The Everyman Theatre in Cheltenham opened in 1891. The 700-seat auditorium is a fine example of the work of famous theatre designer Frank Matcham.
Initially called the Theatre Royal and Opera House, its name changed to the Everyman in the 1960s as a sign that it was a venue for everybody. In the mid twentieth century it was held in high regard for its seasons of repertory theatre. Today it is both a receiving and a producing house. Many shows that tour here are on the way to the West End or have recently come from the West End.
The programme is varied: high quality plays are presented alongside musical theatre and evenings of stand-up comedy. In addition, the theatre is made available twice a year to local operatic societies, who present popular musicals to large audiences. There are opportunities for youth theatre and summer school students to perform on the main stage. The intimate 50-seat Studio Theatre offers professional work that is a contrast to the shows being presented on the main stage. Often the companies that tour into the Studio are local; some are new and others are able to use the space for development weeks. The work tends to be contemporary and often issue-based. The Everyman produces its own small-scale shows in the Studio.
The Education and Community Department historically engages with over
14,000 members of communities each year. The current “Brain Project” is an umbrella title that brings together workshops and projects on Dementia, mental health, literacy, numeracy and disability. The department employs a number of freelance specialist practitioners to deliver its work.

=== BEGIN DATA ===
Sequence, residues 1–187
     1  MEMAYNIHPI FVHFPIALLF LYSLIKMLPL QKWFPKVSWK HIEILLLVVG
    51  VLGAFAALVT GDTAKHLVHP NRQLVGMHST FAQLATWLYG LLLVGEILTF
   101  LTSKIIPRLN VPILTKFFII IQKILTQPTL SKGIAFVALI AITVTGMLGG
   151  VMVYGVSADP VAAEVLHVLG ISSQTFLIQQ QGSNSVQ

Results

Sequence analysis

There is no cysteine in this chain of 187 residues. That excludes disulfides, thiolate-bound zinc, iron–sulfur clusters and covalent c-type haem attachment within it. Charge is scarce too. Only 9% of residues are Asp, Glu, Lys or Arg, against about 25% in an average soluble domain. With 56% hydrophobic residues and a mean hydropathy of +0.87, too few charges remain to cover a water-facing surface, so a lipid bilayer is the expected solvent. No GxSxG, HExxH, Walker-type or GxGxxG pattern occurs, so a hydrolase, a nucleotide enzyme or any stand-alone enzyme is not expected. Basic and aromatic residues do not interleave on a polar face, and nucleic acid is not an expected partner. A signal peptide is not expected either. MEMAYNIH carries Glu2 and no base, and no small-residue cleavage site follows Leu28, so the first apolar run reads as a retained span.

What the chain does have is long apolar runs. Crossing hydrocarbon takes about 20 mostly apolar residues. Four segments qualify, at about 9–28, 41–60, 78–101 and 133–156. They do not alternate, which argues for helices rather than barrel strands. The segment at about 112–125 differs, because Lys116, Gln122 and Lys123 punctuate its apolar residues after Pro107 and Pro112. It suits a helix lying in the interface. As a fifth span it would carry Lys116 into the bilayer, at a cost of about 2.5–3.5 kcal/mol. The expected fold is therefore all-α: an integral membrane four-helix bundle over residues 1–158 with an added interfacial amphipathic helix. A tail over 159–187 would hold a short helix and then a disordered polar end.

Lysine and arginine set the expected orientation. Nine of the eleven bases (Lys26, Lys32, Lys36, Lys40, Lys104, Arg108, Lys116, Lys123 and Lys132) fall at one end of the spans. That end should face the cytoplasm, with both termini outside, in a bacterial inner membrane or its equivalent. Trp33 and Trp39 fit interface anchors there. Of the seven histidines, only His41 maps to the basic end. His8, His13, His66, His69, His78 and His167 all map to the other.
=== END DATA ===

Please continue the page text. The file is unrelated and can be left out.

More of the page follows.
Young people feature strongly: the Everyman runs youth theatre courses, summer schools, Arts Award projects and a BTEC course. Artist development is covered by Actors’ Lab (which has been running for over 15 years), Writers’ Lab and Practitioners’ Lab.
Outside of the theatre building itself, the Everyman organisation has recently been touring productions locally (often these start in the Studio Theatre) and nationally (starting on the main stage and then touring to similar sized venues throughout England). There is a policy to create a number of commissions and co-productions each year, which ensures that the Everyman has a national profile.